I hear it all the time: parents flippantly calling their daycare a “babysitter.” It irks me—silently, quietly eating away at the pride I carry in the work that I do.
You see, in my mind and heart, I am your childcare provider, your child’s teacher. I’m the wiper of dirty faces, kisser of boo-boos, hugger of hurt feelings. I love and worry about your kid almost as much as you do. I know who has a poopy diaper by smell alone. I know your child’s favorite colors, songs and funny little quirks.
I am not a babysitter.
A sitter is the teenager who comes to watch movies, eat pizza and put your kids to sleep so that you can have enjoy a rare night off. She does less work and is paid more an hour per kid. She may make your kids laugh—but she won’t understand what brings joy to their hearts.
Because I am not a sitter.
I am your childcare provider.
Which still sounds so static, so cold. “Cold” is anything but what I am. I do anything but sit.
I rarely sit—unless it’s with a baby snuggled in the safety of my arms while I feed him a freshly-warmed bottle. Or because your child asked me to read Guess How Much I Love You for the twelfth time today. (After all, we both know that lap sitting is the best way to listen to your favorite book.)
Most of the time, when you arrive during pick up, I’m standing. I’m standing in the kitchen, washing a dish. I’m pulling a child off the furniture. I’m mediating an argument. I’m changing a diaper. A baby is probably slung on my back with my ever-essential Lillebaby and I’m guzzling the last dregs of my cold coffee.
I may be found repeating (patiently, but with a muzzled exasperation) “Keep your hands to yourself” for the hundred-thousandth time. My feet are unpolished, calloused, aching and bare. Chances are, I’ll be on them.
Chances are you won’t find me sitting.
I will never be just your “sitter”—and here’s why.
I provide for them. I provide comfort for boo-boos. Providing discipline, I teach your child right from wrong. I show them how to respect their friends. Together, they learn practical life skills, how to care for their environment (when they aren’t tearing everything apart in their play, because balance) and how to practice gentle hands when they get frustrated and hit a friend.
When the time comes, I potty-train them. We tie shoes, paint, talk about shapes and colors. As babies, I help them learn to feed themselves.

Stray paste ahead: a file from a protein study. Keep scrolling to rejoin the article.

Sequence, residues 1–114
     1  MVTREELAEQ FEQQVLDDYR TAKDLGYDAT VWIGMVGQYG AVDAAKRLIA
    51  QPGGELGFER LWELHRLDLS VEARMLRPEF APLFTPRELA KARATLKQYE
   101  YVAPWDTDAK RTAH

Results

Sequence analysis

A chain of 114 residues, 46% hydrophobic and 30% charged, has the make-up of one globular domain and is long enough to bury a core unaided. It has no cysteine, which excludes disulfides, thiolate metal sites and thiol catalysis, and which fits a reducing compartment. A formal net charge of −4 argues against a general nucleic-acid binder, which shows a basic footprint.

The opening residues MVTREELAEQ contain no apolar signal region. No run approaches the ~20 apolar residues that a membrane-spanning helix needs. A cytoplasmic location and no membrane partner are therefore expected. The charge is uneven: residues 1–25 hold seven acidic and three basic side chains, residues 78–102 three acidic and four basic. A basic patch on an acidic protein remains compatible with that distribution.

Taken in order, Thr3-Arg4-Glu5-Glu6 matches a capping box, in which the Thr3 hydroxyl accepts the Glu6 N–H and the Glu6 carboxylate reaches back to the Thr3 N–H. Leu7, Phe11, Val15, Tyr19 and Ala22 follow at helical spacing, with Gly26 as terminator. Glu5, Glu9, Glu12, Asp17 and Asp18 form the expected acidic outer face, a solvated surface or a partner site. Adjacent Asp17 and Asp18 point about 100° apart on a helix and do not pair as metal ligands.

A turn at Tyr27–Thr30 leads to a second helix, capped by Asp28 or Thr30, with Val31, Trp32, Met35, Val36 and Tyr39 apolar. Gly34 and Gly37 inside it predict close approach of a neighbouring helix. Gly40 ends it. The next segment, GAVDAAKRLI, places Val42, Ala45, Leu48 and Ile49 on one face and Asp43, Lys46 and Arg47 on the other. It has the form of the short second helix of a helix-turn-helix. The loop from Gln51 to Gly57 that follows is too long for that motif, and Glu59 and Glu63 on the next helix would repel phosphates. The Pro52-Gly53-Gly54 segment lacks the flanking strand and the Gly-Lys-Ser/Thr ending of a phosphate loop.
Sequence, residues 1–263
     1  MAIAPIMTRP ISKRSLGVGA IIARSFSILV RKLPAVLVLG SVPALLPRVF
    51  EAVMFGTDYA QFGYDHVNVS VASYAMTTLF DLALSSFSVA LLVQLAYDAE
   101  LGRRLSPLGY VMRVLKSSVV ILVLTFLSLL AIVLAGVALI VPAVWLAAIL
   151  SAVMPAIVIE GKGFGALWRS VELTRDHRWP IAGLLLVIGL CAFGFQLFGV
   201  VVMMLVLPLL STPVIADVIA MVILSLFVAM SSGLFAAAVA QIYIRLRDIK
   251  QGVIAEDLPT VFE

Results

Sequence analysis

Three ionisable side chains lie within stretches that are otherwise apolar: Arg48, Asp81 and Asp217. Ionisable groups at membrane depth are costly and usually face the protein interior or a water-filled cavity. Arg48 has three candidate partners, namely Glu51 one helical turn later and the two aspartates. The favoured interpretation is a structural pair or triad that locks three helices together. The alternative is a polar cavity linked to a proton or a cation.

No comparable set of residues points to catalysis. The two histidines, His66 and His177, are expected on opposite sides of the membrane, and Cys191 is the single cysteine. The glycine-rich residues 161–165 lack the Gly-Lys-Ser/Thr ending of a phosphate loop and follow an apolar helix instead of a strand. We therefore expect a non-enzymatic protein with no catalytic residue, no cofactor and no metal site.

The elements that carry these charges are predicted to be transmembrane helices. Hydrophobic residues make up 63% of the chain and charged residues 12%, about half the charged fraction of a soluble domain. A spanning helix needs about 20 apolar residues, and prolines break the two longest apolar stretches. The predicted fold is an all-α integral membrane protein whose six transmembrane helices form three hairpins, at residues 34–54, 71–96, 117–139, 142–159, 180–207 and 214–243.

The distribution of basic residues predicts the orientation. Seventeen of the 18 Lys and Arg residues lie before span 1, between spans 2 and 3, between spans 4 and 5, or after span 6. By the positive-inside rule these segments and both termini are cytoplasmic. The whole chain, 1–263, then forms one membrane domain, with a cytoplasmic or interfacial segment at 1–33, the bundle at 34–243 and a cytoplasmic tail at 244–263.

Every day, your kids are provided wholesome meals and a happy, clean(ish) home to spend their days in. When your children are in my care, they are stimulated. I provide them with sensory bins and paint, setting them up in situations where they learn problem-solving and build their vocabulary.
But most of all, I provide your child love. And as any parent who has ever had to leave their child with someone else knows, nothing is more vital to your conscience and your child’s development than being loved.
All these things are provided to your child when they are with a childcare provider. None of these are provided while sitting.
You see, being a childcare provider is about so much more than passing the time with your child until you come to pick them up (although some days, it may feel like that). It’s not about finding a way to be at home with my own kids and still make money.
I am a provider because I love kids. I am a provider because I love your kids.
In my eyes, there is no job more vital than raising the next generation to be thoughtful, kind, brave, and confident. You see, I am so much more than a sitter.
A sitter is an insult to the care I feel for your children. Don’t get me wrong: I am not a replacement for you. No one will ever, ever replace mom. But we are a team, your family and mine. Our goal it is to raise healthy, happy children—together.
Last year, one of my daycare littles was baptized and the family asked me to come to the baptism.
Honored, I felt so happy to go and sit with the family (who really feel like an extension of my own). But during the baptism, when they ushered me to the front, I stood with his Nana and sisters and cousins and aunts, because “You’re family too.” I grinned awkwardly and inwardly danced with pride while I watched the little man be baptized.
After the service, their pastor introduced himself. “So, how are you related to the family?” he inquired, his firm wrinkled hands shook mine. That’s when my daycare mom stepped in.
“Oh, well she’s our sitter—but she’s not. She’s so much more than that…sitter doesn’t really cover it, does it? She’s the one who raises our kids when I’m not there.”
She knew, and I knew, how valuable we were to each other. How much I loved her children and how much she respected me for it. But that poor pastor’s face…
How do you explain the importance of the woman who helps raise your child? How do you explain the trust and bond between parent and provider?
It’s not an easy choice, the decision to leave your child for much of his or her day, in the care of someone else—particularly in the care of a stranger.
It is, however, a decision which is made easier by the knowledge that you are leaving your child with a childcare provider.
And not just a “sitter.”